At Work

How to Manage Imposter Syndrome

A psychologist offers tips to help you change your mind about yourself

By Raylene Lung, '18 BA

June 20, 2022 •

You think you’re a fraud. You think you don’t belong. You think that every success you’ve had is because of circumstance or chance. But it isn’t any of that. You’re experiencing imposter syndrome, a phenomenon in which people believe their successes are flukes, and that at any moment someone is going to find out. Imposter syndrome can appear when you’re starting a new job, working in an area outside of your expertise, or anytime you try hard to succeed. In a special episode of the What the Job? podcast, psychologist Rebecca Ponting, ’04 MEd, from Counselling & Clinical Services at the University of Alberta shares advice for recognizing imposter syndrome, changing the way you look at it and weeding it out before it takes root. Here are some of her tips:

Seek Feedback

For many people, imposter syndrome is mild and can be managed with support from friends or family, says Ponting. But for others, it’s not as easy. “Some people will find that their imposter syndrome is so severe that they’re limiting themselves,” she says. In these instances, someone might not apply for jobs or might dismiss opportunities for advancement because they feel inadequate. If this sounds like you, Ponting suggests asking questions about your performance. It can be scary but effective. “So many times, it’ll turn out that somebody who’s convinced that they’re on the verge of being fired finds out that their performance is perfectly fine,” she says. With honesty on the table, you get all the information you need to make decisions or take action. “Sometimes we get told that we’re not performing up to standard,” she says. But knowing that allows us to take steps to improve or make decisions to seek a different role. Ponting says that’s better than “wondering if we’re disappointing people and never knowing.”

Look at the Whole Picture

“If somebody that we know seems to have a distorted view of their own abilities, or achievements, sometimes we can gently lead them to think about evidence for what they’re seeing,” she says. Before jumping to the conclusion that your job is on the chopping block, consider all the facts. Perhaps your supervisor praised your work just the other day. Maybe you recently had a great brainstorm and shared some new ideas. Try not to automatically jump to negative conclusions. When you look at the whole picture, you might find you’re being more self-critical than necessary.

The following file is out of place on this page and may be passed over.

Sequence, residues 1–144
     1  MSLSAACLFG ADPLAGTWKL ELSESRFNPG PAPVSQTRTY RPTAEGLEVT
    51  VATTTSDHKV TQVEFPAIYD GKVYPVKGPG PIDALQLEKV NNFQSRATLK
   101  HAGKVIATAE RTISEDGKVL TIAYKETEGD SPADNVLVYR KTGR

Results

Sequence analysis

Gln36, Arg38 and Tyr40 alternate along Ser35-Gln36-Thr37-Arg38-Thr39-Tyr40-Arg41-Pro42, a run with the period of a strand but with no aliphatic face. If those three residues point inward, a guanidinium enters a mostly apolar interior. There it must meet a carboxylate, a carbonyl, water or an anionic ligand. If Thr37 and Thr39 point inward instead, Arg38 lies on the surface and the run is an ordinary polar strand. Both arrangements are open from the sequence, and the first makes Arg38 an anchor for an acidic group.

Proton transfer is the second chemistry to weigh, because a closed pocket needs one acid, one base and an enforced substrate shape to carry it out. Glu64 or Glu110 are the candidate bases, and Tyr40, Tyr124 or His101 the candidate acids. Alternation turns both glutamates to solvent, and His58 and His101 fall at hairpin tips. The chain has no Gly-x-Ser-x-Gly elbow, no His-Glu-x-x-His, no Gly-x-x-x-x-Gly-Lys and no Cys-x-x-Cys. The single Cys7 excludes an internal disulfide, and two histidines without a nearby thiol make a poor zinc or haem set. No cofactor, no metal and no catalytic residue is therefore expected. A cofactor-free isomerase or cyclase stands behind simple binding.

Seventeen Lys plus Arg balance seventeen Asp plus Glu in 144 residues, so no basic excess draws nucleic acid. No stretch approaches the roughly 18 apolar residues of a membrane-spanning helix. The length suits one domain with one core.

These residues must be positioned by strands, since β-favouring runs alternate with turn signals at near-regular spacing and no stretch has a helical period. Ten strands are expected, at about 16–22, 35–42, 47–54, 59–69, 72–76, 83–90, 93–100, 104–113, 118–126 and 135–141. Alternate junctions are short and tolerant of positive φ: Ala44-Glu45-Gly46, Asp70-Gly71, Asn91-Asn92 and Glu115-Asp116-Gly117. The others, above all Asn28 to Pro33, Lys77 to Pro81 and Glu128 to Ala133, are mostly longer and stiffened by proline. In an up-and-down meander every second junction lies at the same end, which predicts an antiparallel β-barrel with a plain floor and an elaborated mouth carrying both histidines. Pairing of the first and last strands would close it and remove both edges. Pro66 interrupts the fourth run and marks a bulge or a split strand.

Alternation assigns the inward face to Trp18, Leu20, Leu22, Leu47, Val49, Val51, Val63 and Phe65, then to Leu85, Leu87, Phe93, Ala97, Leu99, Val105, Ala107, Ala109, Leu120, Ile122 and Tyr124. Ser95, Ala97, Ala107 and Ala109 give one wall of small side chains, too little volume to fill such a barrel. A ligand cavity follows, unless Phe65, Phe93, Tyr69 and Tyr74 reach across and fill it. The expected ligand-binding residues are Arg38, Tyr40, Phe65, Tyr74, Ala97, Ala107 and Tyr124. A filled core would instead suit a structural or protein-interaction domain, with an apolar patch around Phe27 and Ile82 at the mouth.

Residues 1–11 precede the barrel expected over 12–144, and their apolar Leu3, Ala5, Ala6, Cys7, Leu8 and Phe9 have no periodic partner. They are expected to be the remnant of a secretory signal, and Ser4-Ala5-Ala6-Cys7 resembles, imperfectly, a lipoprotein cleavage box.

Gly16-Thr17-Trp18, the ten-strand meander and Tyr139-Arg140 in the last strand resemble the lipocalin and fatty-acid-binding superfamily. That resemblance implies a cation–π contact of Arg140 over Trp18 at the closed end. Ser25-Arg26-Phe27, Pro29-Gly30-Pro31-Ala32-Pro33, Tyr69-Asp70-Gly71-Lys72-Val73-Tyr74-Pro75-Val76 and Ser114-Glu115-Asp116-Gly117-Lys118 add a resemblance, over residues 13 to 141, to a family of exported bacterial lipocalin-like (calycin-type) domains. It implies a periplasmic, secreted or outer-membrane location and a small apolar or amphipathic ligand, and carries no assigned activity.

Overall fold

Tell Yourself a Different Story

Ponting specializes in cognitive-behavioural therapy, a psychological treatment in which patients consider how their thoughts affect their behaviours, and how those can ultimately affect their emotions. This is at the core of treating imposter syndrome, she says. “I help people become more aware of what they’re telling themselves — and what they’re doing in terms of behaviours,” she says. “Then we can start to use those things to create feelings we would prefer to have.” The “fake it ’til you make it” strategy is a good example of this. While she doesn’t suggest feigning competence, she says acting confident can help you learn to acknowledge your own abilities — and the more you tell yourself you can do it, the more you will believe it. In time, this can help to bring your feelings about yourself up to the level at which you’re performing.

Accept That You Can’t Control Everything

While imposter syndrome will find its way into many people’s lives at one point or another, Ponting points out that success is not always simply a matter of believing in yourself or recognizing your own competence. Sometimes external biases, whether based on race, gender or other factors, can masquerade as imposter syndrome. For example, someone may be overlooked for a raise because of their gender, but may be made to believe it’s because they lack confidence. Ponting says that awareness is important in understanding all types of imposter syndrome. Talking more openly about potential biases is helpful, but ultimately, some things are out of your control. “Imposter syndrome is valid and worth discussing and worth being aware of,” she says. “And it's not always the whole story.”

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